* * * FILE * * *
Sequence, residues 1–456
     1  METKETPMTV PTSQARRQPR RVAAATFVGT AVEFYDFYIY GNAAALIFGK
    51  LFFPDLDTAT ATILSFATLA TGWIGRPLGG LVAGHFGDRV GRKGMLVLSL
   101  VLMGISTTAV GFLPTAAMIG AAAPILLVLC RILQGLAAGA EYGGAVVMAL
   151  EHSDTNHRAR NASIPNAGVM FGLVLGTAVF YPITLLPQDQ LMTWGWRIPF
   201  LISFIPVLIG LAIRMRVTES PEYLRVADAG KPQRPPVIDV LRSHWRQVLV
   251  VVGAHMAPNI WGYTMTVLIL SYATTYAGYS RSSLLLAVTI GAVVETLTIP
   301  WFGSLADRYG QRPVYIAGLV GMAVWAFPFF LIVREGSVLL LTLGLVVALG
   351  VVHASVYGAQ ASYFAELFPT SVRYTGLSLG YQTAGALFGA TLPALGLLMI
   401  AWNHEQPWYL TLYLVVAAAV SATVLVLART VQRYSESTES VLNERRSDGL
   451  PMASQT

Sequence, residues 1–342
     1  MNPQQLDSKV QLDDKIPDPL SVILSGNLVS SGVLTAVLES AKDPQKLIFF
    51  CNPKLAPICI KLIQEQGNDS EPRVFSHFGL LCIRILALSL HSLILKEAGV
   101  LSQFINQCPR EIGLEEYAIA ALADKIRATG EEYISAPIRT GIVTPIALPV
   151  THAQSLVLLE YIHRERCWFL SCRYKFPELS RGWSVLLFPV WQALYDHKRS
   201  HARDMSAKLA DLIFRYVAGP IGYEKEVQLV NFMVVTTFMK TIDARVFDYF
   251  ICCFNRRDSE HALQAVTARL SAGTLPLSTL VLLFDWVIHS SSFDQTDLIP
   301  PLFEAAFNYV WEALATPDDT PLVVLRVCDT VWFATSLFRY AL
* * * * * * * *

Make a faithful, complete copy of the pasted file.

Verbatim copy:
Sequence, residues 1–456
     1  METKETPMTV PTSQARRQPR RVAAATFVGT AVEFYDFYIY GNAAALIFGK
    51  LFFPDLDTAT ATILSFATLA TGWIGRPLGG LVAGHFGDRV GRKGMLVLSL
   101  VLMGISTTAV GFLPTAAMIG AAAPILLVLC RILQGLAAGA EYGGAVVMAL
   151  EHSDTNHRAR NASIPNAGVM FGLVLGTAVF YPITLLPQDQ LMTWGWRIPF
   201  LISFIPVLIG LAIRMRVTES PEYLRVADAG KPQRPPVIDV LRSHWRQVLV
   251  VVGAHMAPNI WGYTMTVLIL SYATTYAGYS RSSLLLAVTI GAVVETLTIP
   301  WFGSLADRYG QRPVYIAGLV GMAVWAFPFF LIVREGSVLL LTLGLVVALG
   351  VVHASVYGAQ ASYFAELFPT SVRYTGLSLG YQTAGALFGA TLPALGLLMI
   401  AWNHEQPWYL TLYLVVAAAV SATVLVLART VQRYSESTES VLNERRSDGL
   451  PMASQT

Sequence, residues 1–342
     1  MNPQQLDSKV QLDDKIPDPL SVILSGNLVS SGVLTAVLES AKDPQKLIFF
    51  CNPKLAPICI KLIQEQGNDS EPRVFSHFGL LCIRILALSL HSLILKEAGV
   101  LSQFINQCPR EIGLEEYAIA ALADKIRATG EEYISAPIRT GIVTPIALPV
   151  THAQSLVLLE YIHRERCWFL SCRYKFPELS RGWSVLLFPV WQALYDHKRS
   201  HARDMSAKLA DLIFRYVAGP IGYEKEVQLV NFMVVTTFMK TIDARVFDYF
   251  ICCFNRRDSE HALQAVTARL SAGTLPLSTL VLLFDWVIHS SSFDQTDLIP
   301  PLFEAAFNYV WEALATPDDT PLVVLRVCDT VWFATSLFRY AL